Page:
Breast size and back pain: Is there a relationship?

While it is widely recognised within literature that larger breasts can contribute to a range of painful presentations, breast size often isn’t discussed in management plans. Over the past 20years, average bra size has increased from a 12B to 12DD which means we should be considering breast size as a contributing factor even more now than we had previously. 

We know that:

  1. Larger breasts are associated with neck, back, shoulder and upper limb pain and symptoms.
  2. Increased breast volume increases thoracic kyphosis (the curvature of your upper back), which in turn forces the head and shoulders forwards, changing the biomechanics of the whole upper body. 
  3. For women to be able to manage these postural changes, they need to be strong and involve themselves in regular physical activity. Research has shown that the opposite is in fact true; women with larger breast volumes are more likely to have reduced strength through their upper back muscles. This means they have less strength to tolerate the inevitable postural changes associated with larger breasts and therefore more likely to develop pain. 
  4. There is a negative relationship between larger breast size and reduced physical activity; one in five adult women and over half of adolescent girls have reported breasts to be a barrier to exercising. This is thought to be because of; 
    • Breast pain during exercise; up to 72% of women have reported breast pain during exercise.
    • Other areas of pain (related to breasts, ie neck/shoulders) during exercise,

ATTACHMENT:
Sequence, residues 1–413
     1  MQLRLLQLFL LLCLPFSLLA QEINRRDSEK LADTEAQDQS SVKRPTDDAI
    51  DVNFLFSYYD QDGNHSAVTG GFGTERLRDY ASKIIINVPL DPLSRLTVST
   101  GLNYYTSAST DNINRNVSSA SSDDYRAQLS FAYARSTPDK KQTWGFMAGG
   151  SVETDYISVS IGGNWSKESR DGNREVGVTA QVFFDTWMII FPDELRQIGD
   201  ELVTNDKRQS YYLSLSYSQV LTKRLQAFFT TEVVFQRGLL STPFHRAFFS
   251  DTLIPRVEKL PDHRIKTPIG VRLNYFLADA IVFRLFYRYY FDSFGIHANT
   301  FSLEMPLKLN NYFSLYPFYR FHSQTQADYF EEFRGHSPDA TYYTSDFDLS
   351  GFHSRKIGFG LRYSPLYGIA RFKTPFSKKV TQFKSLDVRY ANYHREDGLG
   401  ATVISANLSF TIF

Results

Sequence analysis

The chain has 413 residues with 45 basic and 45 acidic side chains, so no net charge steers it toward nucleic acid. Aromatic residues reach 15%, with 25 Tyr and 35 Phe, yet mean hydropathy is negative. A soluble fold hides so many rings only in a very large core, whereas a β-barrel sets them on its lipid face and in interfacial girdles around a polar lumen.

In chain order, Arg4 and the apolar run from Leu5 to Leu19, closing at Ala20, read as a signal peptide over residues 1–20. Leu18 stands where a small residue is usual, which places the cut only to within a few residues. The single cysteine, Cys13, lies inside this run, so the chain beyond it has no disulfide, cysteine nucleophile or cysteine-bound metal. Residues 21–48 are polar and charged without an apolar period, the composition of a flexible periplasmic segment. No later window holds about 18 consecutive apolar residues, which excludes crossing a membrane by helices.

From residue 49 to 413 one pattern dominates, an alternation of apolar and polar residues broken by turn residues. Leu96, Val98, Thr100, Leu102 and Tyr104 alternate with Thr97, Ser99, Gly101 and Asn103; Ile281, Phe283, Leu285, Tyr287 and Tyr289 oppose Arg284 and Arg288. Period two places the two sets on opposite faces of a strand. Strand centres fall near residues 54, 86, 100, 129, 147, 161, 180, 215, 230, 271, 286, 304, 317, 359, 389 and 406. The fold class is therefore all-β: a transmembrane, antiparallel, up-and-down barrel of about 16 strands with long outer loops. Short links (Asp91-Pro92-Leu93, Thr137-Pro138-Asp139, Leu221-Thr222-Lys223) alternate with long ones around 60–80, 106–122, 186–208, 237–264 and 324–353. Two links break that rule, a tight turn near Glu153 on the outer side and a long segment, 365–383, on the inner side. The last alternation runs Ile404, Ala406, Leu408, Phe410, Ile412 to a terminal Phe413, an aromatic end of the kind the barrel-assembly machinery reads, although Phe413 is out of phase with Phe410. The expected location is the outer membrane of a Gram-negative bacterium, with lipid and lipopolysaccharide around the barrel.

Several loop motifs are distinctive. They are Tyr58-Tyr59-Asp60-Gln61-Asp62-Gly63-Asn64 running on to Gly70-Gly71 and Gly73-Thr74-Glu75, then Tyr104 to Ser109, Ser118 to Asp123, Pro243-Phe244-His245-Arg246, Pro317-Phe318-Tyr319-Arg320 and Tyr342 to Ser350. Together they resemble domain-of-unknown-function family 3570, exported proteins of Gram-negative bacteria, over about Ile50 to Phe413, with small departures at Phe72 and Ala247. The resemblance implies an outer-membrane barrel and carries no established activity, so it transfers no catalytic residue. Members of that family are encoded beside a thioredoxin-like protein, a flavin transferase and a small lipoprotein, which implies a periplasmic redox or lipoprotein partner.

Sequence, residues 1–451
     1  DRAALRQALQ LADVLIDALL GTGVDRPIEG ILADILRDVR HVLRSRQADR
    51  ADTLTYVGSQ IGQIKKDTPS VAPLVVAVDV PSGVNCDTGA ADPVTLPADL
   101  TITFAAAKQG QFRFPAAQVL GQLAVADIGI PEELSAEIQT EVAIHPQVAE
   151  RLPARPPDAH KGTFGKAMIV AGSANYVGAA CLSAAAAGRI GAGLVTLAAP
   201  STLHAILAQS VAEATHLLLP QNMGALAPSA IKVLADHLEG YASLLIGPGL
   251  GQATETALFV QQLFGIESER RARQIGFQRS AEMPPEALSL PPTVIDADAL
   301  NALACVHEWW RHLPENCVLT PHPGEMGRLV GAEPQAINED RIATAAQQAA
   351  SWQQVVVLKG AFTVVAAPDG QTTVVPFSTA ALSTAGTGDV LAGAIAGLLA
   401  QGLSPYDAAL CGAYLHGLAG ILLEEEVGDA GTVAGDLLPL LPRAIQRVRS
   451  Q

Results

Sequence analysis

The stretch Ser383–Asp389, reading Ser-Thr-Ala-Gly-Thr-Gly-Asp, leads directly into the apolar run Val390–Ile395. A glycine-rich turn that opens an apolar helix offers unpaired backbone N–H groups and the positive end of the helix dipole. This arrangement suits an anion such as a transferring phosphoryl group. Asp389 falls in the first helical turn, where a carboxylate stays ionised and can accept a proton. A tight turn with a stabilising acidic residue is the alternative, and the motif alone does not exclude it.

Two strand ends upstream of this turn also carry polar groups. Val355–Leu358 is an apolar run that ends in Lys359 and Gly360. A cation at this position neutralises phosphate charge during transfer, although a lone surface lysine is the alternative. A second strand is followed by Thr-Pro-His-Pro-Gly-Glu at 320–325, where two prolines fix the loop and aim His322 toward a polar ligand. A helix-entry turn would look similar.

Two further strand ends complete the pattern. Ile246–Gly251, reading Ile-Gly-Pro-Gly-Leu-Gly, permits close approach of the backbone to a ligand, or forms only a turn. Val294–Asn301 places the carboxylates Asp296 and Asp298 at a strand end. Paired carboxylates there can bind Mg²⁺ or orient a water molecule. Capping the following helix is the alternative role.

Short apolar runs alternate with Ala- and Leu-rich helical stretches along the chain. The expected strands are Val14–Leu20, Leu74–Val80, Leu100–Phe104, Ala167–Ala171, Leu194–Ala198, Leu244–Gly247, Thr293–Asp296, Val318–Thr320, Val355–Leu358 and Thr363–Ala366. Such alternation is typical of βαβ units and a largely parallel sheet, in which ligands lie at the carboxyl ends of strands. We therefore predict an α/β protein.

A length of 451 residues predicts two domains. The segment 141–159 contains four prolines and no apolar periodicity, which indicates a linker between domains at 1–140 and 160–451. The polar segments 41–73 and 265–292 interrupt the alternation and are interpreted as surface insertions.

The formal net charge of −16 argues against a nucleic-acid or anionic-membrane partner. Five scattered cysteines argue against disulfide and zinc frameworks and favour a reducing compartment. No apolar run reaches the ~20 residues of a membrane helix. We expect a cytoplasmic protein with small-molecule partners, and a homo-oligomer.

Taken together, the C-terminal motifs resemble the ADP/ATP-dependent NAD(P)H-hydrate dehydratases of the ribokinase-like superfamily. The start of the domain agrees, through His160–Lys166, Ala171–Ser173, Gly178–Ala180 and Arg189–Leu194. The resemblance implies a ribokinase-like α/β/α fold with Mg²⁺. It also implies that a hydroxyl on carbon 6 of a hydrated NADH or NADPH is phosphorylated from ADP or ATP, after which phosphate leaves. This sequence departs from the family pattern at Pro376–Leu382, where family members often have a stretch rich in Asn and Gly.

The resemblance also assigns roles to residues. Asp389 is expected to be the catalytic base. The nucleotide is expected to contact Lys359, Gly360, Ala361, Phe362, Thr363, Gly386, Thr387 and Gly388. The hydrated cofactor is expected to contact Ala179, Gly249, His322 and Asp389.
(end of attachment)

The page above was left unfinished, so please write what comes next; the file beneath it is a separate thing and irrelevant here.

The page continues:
• Embarrassment of the velocity of breast movement while exercising, 
    • An inability to find a comfortable sports bra. 

What can we do?

The most important thing is to wear a well-fitted bra. Research has indicated that anywhere from 70-100% of women are wearing the wrong size bra! 

It is also thought that women should replace their bras every 3-6 months and have a professional fitting each time they purchase new bras. This is because the fabrics (unfortunately) often quickly stretch and lose their elasticity, therefore the support they provide gradually reduces over time as the bra stretches and loses shape.  

We are currently seeing a huge increase in the number of young women following the fashion trend of wearing a crop-top type sports ‘bras’ for day-to-day living as well as when they participate in high impact sports ie. running. Many of these bras do not provide enough support to the breasts, merely compressing them against the chest wall. This doesn’t give the necessary support, nor does it offload the thoracic spine and shoulders in the way necessary to facilitate normal upper body movement. 

Sports Bras

It is thought that as few as 41% of women in Australia wear a specialised sports bra when they are engaging in physical activity, with the majority of women choosing to wear their everyday bras. This is a concern for several reasons;

  • Everyday bras are not designed to support and control vertical displacement of breast tissue,
  • Majority of women have a poorly fitting everyday bra, 
  • If breasts are inadequately supported they have the potential to impede full shoulder range of movement, limit thoracic rotation and increase thoracic flexion. In any sporting environment, this is going to affect performance. 
  • There is potential that long term stress and stretch to breast tissue can cause long term changes. This, in turn, has potential to permanently change the weight distribution and change the pattern of loading through the upper body. 


Bras are important! Breast tissue is heavy, and the larger the breast the more likely they are to affect your posture, strength and therefore increase your likelihood of developing pain. Women should be replacing their bra’s every 3-6months and ensuring they have a professional fitting each time they replace them. If you feel that your breasts may be contributing to any of the pain or symptoms that you may be experiencing, please call The Injury Clinic on (03) 5229 3911 or email for more information.

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